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Barking Carnival Boot Camp: Gap and Force Responsibilities

A basic guide to keeping those pesky runners bottled up where you can do mean things to them.

I''d say this gap has been covered responsibly.
I''d say this gap has been covered responsibly.
Brendan Maloney-USA TODAY Sports

Welcome back to BC Boot Camp!

The first entry of our series took a look at some basic assignments and responsibilities in coverage. In Part Two, we're going to look at the other two fundamental elements of any defensive scheme - gap and force responsibilities.

Gap Responsibilities

To start out, here's a good diagram from that details alignments and gap responsibilities for the D-line:


The numbers below our handy O-line circles denote the various "techniques", or places where the defenders can be aligned. The 0-technique is where you'll find your classic 3-4 nose guard, head up on the center and ready to make his life hell for three hours. A 1-technique is a DT lined up somewhere between the guard and the center (usually on the guard's inside shoulder with "inside" being closest to the ball), a 3-technique DE is lined up outside the guard and so on.

We'll have a subsequent post that dives a lot deeper into the various alignments and assignments that you'll see from different defensive fronts, but for now let's suffice to say that where a guy is lining up tends to have a pretty strong correlation with which gap(s) he's responsible for defending. The letters on top of our OL up there denote the various gaps - since football isn't a wuxia film where the runner can just sprint up the back of an O-lineman and leap into the air like a boss, he'll need to get through one of those gaps to get anywhere. A gaps are between the center and the guards, B gaps are between the guards and tackles, C gaps are outside the tackles/between the tackle and a tight end, and D gaps (sometimes referred to as the 'alleys') are outside the TE's.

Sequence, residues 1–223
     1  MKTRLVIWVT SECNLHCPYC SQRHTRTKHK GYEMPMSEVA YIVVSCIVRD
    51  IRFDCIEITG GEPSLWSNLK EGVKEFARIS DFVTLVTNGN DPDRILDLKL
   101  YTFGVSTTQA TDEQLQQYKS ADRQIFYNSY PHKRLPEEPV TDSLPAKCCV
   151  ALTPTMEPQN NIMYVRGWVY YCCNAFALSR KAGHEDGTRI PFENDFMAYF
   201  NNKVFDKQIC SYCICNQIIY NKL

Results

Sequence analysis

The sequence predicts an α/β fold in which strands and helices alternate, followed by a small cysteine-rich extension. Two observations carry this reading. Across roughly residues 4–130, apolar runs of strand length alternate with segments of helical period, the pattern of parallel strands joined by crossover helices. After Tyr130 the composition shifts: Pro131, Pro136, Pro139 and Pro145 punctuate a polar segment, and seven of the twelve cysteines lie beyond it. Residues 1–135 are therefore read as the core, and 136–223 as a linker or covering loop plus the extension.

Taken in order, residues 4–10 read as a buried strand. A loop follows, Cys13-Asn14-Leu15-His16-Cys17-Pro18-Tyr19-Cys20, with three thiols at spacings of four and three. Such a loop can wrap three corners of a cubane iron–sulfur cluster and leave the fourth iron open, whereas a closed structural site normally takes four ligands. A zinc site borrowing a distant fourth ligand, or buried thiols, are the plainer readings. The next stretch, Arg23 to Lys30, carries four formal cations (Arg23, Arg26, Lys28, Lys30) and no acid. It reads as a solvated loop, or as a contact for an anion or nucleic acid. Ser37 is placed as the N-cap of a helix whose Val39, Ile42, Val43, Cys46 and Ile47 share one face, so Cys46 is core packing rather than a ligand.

So how to go about defending those gaps? Let's go back to the basic 4-3 Under alignment that we were looking at in the Coverage post (as always, click to embiggen):


It’s a 4-3 with four down linemen. This kind of front is called an Under, which means that the 3-technique defensive tackle (T) is lined up to the opposite side of the formation from the run strength (which is typically defined by the tight end). Frequently an Under front will see the Sam linebacker drop down to basically the line of scrimmage on the tight end's outside shoulder.

Again, we'll delve deeper into fronts and their various meanings later, but since you always hear "under" or "over" tossed around when talking about fronts I figure it's handy to be able to tell which is which. The way I remember under from over is thinking about that 3-technique DT having to run over and tap the tight end. (NOTE: Unless it's a Manny Diaz stunt, it's unlikely that anyone will ask said DT to actually do this.) In an under alignment, he's "under" the center relative to where the TE is and would have to run past the center to reach the TE. The Sam linebacker is also "under" the other two linebackers who are playing back off the line.